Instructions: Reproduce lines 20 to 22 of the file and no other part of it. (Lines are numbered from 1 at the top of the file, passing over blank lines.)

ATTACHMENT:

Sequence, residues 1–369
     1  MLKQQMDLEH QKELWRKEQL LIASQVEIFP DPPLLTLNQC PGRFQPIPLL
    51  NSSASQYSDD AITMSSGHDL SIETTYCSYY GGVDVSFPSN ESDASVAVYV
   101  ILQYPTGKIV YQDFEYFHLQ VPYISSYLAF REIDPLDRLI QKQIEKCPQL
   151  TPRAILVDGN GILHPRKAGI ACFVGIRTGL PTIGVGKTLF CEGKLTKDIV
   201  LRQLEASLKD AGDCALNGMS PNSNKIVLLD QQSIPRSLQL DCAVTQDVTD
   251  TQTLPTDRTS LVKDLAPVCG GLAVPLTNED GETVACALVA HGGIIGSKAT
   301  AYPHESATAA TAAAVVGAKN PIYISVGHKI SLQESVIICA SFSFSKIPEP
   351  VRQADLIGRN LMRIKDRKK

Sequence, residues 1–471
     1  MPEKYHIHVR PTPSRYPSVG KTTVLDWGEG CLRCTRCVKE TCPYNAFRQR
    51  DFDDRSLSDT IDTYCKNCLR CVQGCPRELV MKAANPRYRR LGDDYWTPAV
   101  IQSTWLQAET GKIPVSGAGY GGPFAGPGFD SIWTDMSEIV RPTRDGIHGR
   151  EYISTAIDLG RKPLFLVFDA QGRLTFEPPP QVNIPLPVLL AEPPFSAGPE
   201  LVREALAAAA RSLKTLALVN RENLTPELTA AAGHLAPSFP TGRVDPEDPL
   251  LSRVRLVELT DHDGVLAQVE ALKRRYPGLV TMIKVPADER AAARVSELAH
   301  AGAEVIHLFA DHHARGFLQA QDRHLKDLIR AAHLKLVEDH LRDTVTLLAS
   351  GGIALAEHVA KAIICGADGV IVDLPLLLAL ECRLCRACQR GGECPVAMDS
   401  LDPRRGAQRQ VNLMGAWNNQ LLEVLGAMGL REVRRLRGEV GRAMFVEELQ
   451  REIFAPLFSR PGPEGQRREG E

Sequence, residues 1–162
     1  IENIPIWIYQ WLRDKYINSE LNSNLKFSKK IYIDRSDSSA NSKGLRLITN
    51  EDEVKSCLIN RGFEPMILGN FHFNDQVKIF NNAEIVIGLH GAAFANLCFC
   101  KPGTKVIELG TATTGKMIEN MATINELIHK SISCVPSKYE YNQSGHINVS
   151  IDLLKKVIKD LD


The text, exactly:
   451  REIFAPLFSR PGPEGQRREG E

Sequence, residues 1–162
     1  IENIPIWIYQ WLRDKYINSE LNSNLKFSKK IYIDRSDSSA NSKGLRLITN